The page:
Friday, July 2, 2010

On overcommitting

I've decided to take a leaf out of Hoi's book (blog) and title some posts "On ..."

This one is on doing too much. Or more correctly, on my attitude towards doing too much.

It's odd, because secretly I think I'm a quite lazy person. (Not a secret anymore I guess!) I watch a LOT of TV, spend a lot of time on teh intertubes, tweeting, blogging and reading blogs, reading silly stuff about celebrities, and chatting to friends or whatever. Oh, and I love sleeping.

But I actually do a lot. I work. I volunteer for ALIA (some say too much!). I do yoga. I spend a lot of time with my family, friends and pets. I occasionally date. I occasionally diet and exercise (small steps). And I've just submitted a mammoth proposal to do a huge research project on a conference mentoring trial.

It wasn't until I had submitted the 14 page document detailing the outline, methodology, timeline, budget and (projected) outcomes of this study that I realised that I had effectively given over the next year of my life to this project. And I also realised that I'd thought I needed to get everything done within a year - rather than complete the project, and THEN submit the deliverables within a year after that.

"Is it for a Masters or a PhD?" people keep asking me. "Um, no." "Are you getting paid for it?" That would be a "No" again. So why are you doing it?

The best answer I can give actually came from @restructuregirl : Fun, joy and networking.
Why add study to that? Chill out

I'd add: because I think it's a really important initiative for new graduates, and supporting new professionals is really important. And I absolutely love conferences, and want others to have the best experience possible.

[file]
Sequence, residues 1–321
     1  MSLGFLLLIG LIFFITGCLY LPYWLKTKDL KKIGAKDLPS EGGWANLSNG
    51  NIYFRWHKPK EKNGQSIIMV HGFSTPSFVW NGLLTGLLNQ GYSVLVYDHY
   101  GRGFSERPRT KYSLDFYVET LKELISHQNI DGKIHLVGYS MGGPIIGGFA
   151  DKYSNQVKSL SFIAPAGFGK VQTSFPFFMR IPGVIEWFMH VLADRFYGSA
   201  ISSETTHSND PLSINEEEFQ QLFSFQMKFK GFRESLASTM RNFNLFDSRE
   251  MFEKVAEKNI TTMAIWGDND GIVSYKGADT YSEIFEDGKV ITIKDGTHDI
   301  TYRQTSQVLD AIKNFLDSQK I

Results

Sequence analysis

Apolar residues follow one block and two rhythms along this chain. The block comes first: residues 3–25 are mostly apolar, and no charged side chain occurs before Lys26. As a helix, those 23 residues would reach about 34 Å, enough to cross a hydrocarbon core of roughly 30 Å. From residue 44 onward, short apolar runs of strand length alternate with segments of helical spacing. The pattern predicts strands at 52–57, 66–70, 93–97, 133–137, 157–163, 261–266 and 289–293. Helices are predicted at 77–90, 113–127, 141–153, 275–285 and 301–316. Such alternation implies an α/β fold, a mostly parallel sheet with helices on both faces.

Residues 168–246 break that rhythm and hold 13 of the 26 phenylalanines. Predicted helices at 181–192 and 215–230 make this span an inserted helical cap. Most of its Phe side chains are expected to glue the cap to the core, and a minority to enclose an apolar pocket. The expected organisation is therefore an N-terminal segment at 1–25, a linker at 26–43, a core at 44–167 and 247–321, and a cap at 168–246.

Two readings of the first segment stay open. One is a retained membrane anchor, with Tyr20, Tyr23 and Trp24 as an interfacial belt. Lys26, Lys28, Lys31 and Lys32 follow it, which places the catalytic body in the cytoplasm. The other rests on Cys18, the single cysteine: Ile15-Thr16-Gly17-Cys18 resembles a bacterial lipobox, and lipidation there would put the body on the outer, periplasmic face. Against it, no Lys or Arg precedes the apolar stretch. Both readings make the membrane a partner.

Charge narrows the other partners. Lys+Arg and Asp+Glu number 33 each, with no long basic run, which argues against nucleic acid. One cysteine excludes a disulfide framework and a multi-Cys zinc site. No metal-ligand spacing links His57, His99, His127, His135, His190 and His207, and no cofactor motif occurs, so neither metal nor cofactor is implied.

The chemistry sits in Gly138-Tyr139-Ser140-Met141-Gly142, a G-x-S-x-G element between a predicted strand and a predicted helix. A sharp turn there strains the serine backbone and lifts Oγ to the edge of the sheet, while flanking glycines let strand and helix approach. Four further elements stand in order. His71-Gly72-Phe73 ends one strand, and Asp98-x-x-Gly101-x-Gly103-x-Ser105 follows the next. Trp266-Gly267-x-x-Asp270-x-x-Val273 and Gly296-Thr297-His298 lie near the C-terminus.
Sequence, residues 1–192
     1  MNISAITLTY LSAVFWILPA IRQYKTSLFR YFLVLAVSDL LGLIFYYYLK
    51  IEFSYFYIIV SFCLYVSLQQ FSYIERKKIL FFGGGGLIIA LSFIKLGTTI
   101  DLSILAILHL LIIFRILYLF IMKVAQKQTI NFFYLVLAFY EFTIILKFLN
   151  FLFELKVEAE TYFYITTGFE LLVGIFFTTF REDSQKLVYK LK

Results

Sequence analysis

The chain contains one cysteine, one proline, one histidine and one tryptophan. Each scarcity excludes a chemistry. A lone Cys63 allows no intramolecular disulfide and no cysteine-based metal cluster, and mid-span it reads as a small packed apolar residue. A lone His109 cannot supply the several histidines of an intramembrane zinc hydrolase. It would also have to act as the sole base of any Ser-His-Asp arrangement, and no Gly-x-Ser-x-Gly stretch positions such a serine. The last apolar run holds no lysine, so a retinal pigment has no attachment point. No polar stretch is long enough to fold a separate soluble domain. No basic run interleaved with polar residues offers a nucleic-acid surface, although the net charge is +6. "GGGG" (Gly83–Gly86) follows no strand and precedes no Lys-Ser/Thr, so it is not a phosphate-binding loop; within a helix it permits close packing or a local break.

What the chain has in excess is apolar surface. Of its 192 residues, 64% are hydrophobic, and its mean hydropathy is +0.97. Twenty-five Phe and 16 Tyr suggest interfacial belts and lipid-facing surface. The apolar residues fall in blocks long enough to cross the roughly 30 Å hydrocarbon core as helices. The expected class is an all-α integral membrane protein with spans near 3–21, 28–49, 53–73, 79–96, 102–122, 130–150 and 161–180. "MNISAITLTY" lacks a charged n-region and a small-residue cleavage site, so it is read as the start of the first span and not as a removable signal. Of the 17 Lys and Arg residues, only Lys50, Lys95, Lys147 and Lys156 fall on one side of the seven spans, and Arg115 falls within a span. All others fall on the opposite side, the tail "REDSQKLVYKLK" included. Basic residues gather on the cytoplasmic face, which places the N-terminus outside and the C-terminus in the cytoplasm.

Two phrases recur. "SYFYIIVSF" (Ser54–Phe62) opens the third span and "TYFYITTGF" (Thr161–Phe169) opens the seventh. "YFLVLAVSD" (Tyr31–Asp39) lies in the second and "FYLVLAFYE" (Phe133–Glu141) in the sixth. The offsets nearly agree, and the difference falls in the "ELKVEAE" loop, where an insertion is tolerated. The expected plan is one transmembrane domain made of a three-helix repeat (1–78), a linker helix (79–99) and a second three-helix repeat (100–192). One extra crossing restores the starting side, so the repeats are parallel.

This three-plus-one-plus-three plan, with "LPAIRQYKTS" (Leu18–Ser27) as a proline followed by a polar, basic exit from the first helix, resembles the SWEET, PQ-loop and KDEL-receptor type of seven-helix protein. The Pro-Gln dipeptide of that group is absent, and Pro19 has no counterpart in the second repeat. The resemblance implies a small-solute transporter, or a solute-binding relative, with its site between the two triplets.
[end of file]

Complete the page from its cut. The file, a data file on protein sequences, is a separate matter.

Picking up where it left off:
Further lessons in chilling out came (apart from the multitude of Darth Vader clips @restructuregirl proceeded to send to me - she's obsessed!) from various sources.

Kay Harris, the awesome Convenor of Information Online where I'll be running the Conference Mentoring trial, offered me all sorts of assistance and help (including some volunteers to help out! Yay!), and in a follow up email wrote:
small steps my dear - plenty of people to help

My very best library friend (and one of my very best friends of all time) virtually a librarian talked me down from my anxiety ledge around the research project and gave me some salient advice around managing multiple projects and work.

@KatyKat and I had a great natter last night around life, libraries, study, work, ALIA and everything in between which left me feeling more invigorated and supported and part of a team that will achieve stuff! (Go NGAC!)

So I'm going to revisit my proposal, and make a coupld of adjustments to the timeline, and treat it more as fun and less as work. Because the reason I signed myself up for this stuff is not to to make myself stressed out: it's to help others and make a difference, and (hopefully) create a program that will be of lasting value to the profession. And to have fun while doing it.


  1. It will have lasting value. And it will be fun. And you should do as much of it at work in work time as you can!
    And you know you'll have all of us out here in LibraryLand to help you out wherever we can and live vicariously off your glory... :)

  2. Ooh, I should do a similar post myself...though I think my tolerance for overcommitting is lower than your's :-) As far as I'm concerned it should always be about the fun.

  3. I admire you for your determination in getting things done. It is always like sowing a seed, sometime you just have no idea what you will get till must later...